Yesterday the three-judge panel hearing the Coleman-Franken election contest denied Senator Coleman’s request to reconsider their ruling this past Friday on the standard applicable to the 4,800 rejected absentee ballots raised by the Coleman campaign in the election contest. In their ruling the three-judge panel insisted on compliance with Minnesota’s absentee ballot statute.
The Coleman campaign complains that enforcing compliance with the absentee ballot statute creates inconsistencies in the treatment of absentee ballots. Included among the 933 rejected absentee ballots included in the recount, the Coleman campaign asserts, are 100 ballots that fail the test of statutory compliance. Senator Coleman’s lawyers agreed to the inclusion of all 933 ballots in the recount. If 100 of these absentee ballots didn’t comply with the absentee ballot statute, why did the Coleman legal team agree to their inclusion?
The election contest has revealed that local election officials treated absentee ballots in an inconsistent manner. Some local officials rejected absentee ballots for noncompliance with certain statutory requirements; others took a more freewheeling approach. The Coleman campaign’s proposed approach is to accept accept all such illegally cast absentee ballots as a matter of federal constitutional law. Ben Ginsberg calls the failure to adopt this approach “a legal quagmire.”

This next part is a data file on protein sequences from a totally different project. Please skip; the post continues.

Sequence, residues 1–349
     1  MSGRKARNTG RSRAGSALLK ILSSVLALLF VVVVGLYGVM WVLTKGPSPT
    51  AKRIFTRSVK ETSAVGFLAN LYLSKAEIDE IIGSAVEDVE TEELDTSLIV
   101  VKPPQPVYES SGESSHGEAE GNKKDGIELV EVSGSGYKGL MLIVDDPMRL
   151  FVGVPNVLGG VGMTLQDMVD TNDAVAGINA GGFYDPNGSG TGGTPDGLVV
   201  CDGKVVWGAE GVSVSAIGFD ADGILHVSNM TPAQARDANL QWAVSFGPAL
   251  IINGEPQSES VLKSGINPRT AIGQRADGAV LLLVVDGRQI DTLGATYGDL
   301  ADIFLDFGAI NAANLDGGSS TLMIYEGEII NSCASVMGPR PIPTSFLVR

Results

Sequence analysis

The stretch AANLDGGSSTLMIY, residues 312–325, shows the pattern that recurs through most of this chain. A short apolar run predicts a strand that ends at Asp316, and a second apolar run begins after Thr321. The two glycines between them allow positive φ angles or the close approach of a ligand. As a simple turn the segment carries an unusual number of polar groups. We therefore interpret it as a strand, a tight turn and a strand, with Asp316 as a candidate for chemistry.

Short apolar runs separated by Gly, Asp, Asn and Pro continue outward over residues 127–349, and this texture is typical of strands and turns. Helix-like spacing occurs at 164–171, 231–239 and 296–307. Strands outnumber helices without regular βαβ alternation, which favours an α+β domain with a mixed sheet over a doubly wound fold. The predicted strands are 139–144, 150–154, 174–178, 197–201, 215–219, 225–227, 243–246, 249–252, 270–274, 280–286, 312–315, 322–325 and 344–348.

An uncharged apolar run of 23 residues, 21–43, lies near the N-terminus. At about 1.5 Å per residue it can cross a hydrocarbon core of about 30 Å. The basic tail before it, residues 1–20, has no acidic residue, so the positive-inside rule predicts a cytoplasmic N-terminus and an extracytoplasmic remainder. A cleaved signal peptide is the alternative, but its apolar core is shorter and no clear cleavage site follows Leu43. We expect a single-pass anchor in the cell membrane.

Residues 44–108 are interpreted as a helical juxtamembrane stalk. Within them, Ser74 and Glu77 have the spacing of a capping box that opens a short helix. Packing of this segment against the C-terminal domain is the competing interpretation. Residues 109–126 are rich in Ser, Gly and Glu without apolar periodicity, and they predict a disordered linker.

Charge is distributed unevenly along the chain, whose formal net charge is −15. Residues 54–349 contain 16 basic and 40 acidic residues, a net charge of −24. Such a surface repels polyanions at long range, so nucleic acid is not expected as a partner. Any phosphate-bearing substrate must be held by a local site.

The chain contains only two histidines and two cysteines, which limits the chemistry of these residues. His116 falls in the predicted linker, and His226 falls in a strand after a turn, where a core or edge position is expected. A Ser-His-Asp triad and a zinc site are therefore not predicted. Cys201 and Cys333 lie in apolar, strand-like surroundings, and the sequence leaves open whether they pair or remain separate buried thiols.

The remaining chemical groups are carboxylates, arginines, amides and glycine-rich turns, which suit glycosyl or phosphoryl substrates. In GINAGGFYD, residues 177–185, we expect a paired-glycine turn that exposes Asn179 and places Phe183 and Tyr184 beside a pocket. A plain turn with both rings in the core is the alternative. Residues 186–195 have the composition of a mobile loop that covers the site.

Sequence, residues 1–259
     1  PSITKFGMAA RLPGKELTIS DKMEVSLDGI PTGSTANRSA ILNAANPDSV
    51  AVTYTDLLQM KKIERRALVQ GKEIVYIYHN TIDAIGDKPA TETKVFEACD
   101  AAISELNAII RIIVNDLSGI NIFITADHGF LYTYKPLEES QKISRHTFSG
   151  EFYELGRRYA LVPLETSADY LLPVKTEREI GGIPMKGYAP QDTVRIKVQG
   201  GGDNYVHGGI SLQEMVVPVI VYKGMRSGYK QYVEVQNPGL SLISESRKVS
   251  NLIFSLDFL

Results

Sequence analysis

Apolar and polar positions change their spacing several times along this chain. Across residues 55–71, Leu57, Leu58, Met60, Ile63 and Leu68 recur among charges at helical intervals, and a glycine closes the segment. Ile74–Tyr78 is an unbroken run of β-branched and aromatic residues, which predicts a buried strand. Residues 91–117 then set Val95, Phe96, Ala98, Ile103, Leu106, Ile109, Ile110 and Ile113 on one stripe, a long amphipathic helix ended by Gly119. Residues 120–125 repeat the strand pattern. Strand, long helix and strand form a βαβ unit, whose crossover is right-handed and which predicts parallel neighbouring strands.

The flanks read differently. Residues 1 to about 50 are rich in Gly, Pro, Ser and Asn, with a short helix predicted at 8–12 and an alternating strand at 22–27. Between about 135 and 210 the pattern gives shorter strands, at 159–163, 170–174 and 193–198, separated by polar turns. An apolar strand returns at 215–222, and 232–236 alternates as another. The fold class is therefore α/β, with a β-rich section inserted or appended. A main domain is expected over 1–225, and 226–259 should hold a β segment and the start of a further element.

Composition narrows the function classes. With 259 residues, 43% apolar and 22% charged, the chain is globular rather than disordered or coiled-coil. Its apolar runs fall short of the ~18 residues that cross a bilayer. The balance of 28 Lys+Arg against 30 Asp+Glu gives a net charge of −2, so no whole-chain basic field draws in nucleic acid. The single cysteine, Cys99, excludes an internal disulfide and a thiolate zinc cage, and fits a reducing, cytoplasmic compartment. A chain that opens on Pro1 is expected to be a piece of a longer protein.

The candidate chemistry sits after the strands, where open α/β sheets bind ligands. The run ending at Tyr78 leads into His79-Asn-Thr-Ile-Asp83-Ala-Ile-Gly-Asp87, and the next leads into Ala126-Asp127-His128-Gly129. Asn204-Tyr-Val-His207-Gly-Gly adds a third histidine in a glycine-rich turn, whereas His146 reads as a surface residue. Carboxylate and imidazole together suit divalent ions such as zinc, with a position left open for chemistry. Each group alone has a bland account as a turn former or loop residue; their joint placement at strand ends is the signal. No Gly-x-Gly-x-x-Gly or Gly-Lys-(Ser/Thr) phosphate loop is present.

Jay Weiner provides a sympathetic account of the issues raised by Ginsberg yesterday in response to the panel’s denial of the request for reconsideration of the February 13 ruling on rejected absentee ballots. I commented less sympathetically on Senator Coleman’s request for reconsideration in “Coleman’s complaint” and posted Ben Ginsberg’s response here.
Taking Ginsberg at his word regarding the 100 ballots, a quagmire may exist. My less sympathetic reaction to Senator Coleman’s complaint regarding the panel’s ruling on the standard for accepting rejected absentee ballots derives from the fact that to the extent that a quagmire exists, it is in part the creation of Senator Coleman’s legal team.
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